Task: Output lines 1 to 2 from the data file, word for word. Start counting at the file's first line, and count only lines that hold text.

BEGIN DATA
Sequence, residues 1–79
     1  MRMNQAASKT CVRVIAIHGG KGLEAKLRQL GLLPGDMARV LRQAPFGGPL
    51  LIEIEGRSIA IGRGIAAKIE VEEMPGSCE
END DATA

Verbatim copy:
Sequence, residues 1–79
     1  MRMNQAASKT CVRVIAIHGG KGLEAKLRQL GLLPGDMARV LRQAPFGGPL